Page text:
Patrick Eve, co-Founder of TranslateMedia has retired from his co-Managing Director role after 11 years at the helm. “I moved into a Non Executive Director role at TranslateMedia from April 2016,” Eve writes in his LinkedIn profile.
This leaves Rupert Evans as the sole Managing Director of the London-based translation and marketing agency. Slator reached out to Evans, who did not wish to comment with details at this time.
So fresh is the news that Eve’s Twitter account still bears his title as Managing Director. He is listed as Executive Director on the company’s website at press time.
“I was the first employee of the company,” Eve continues in his LinkedIn profile. Based on the company’s latest filing in December 2015, revenues were at GBP 8m in 2015 (2014: 8.6m), EBITDA at GBP 0.2m (2014: 0.13m), with a gross margin of 52.7% (2014: 48.9%).
Tobias Wiesner – AdHoc
AdHoc Translations named Tobias Wiesner Managing Director for DACH (Germany, Austria, Switzerland) on May 1, 2016.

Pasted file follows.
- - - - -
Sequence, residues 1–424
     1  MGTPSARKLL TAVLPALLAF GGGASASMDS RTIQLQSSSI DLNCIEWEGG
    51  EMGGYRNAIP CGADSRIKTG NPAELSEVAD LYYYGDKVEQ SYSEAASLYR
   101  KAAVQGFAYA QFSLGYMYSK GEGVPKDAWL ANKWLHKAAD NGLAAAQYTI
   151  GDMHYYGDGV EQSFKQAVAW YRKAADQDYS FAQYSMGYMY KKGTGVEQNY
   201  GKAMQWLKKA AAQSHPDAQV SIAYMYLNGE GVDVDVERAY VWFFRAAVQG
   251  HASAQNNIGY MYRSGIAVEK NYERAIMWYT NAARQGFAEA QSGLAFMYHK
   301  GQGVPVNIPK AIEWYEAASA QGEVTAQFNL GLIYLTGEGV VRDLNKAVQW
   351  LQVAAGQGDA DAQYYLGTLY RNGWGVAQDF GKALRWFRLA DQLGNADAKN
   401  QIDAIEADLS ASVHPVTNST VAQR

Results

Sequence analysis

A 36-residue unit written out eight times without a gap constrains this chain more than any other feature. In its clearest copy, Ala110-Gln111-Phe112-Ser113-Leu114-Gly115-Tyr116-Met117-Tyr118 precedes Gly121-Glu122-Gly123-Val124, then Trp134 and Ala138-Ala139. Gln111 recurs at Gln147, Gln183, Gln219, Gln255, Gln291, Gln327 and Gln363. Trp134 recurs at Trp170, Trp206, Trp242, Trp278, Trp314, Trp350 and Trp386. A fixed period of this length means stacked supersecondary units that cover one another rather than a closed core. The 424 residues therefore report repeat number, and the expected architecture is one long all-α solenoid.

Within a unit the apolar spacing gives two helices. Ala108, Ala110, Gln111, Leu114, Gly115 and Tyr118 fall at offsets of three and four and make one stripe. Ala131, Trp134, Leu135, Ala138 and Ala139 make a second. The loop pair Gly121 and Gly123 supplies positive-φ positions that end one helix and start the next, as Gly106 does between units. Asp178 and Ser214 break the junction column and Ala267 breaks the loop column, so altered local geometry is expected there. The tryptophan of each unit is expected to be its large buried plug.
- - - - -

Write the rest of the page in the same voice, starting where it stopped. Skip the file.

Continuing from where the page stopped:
Working out of AdHoc’s office in Munich, Wiesner tells Slator he “will start up Germany with a roadmap” comprising project management, account management, and sales staff based there.
He reports directly to CEO Jesper Nielsen, who is based at company headquarters in Copenhagen. Wiesner says he joined AdHoc because he has known Jesper “for many years now―we worked together at thebigword―and we always thought about joining forces again.”
He has been “in the industry for almost 10 years now,” says Wiesner, who speaks “German, English, and Spanish from my student days, after which he achieved MAs in Translation as well as International Marketing. He has served in Business Development roles at thebigword and CLS and as Sales Director at Welocalize.